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Vertically Distributed Effects of Stratospheric Polar Vortex Disturbances on Composition during Arctic Winter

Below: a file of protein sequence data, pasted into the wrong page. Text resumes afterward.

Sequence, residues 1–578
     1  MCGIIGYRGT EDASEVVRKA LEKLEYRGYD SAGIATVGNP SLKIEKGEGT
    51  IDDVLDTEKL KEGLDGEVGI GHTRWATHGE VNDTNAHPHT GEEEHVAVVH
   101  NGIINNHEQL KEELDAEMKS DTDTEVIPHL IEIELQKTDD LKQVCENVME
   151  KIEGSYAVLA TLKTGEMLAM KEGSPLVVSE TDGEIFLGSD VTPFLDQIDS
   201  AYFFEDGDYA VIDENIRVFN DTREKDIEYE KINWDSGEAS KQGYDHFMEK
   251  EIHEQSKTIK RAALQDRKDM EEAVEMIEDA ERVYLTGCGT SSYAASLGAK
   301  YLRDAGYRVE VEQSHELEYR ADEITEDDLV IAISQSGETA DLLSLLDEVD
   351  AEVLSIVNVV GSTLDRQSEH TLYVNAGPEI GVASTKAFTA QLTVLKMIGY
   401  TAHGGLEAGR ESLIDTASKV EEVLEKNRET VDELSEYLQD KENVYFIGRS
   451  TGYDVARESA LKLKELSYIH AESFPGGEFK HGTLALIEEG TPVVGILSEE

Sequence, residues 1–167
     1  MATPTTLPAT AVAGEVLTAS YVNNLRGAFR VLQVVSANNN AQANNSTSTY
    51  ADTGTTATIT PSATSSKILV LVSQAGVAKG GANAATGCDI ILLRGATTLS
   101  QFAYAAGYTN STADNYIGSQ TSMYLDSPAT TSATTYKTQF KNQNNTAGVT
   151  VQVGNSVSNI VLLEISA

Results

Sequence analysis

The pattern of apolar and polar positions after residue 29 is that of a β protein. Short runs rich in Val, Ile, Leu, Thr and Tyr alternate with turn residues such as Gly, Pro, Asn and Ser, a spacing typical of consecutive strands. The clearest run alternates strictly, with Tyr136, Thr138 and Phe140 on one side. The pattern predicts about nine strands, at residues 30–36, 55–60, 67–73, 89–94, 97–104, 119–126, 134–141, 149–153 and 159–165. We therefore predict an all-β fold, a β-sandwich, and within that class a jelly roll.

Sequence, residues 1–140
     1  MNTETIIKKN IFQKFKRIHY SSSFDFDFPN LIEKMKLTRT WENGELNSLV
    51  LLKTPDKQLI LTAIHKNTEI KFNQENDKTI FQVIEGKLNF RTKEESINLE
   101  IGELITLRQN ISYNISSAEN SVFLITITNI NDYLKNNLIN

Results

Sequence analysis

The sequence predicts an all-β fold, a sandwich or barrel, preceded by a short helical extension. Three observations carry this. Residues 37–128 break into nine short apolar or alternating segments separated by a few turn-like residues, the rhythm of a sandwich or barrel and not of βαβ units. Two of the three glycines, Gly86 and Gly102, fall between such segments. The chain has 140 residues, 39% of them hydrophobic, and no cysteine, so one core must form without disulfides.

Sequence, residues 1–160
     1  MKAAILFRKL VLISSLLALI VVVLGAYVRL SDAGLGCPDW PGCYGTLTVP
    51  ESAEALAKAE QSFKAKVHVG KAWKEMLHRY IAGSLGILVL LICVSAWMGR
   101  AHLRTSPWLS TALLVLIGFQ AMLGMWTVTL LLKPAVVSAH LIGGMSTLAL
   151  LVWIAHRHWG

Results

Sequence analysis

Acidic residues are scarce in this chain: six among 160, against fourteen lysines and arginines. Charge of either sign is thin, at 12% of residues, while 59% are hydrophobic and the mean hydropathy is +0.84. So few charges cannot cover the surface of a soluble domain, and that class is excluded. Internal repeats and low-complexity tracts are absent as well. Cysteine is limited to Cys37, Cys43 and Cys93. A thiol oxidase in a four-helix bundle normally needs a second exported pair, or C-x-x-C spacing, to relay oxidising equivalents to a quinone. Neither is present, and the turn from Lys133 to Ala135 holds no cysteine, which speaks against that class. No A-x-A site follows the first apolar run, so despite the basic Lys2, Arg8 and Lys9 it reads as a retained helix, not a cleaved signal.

Major sudden stratospheric warmings (SSWs) illustrate clearly the coupling of atmospheric regions from the troposphere through the mesosphere, and have profound implications for variability in atmospheric composition.  Less extreme disturbances to the polar vortex also illustrate vertical coupling and influence composition.  Six of the strongest, most prolonged SSWs on record have occurred in the past decade, with only two other comparable events in the past 34 years; five of those have been since the launch of the Microwave Limb Sounder (MLS) on NASA’s Aura satellite.  This talk focuses on the composition effects of SSWs and smaller stratospheric polar vortex disturbances in three areas:  (1) Anomalous transport related to the stratopause breakdown and reformation during prolonged SSWs, (2) Effects of lower stratospheric vortex disturbances in early winter on transport and chemical ozone loss, and (3) Relationships between stratospheric and upper tropospheric/lower stratospheric circulation and transport changes during SSWs.  MLS data, meteorological (re)analyses, and results from the CMAM30 “specified dynamics” chemistry climate model simulation are used to study these processes.  Some examples will be presented from the 2012/2013 and 2013/2014 Arctic winters.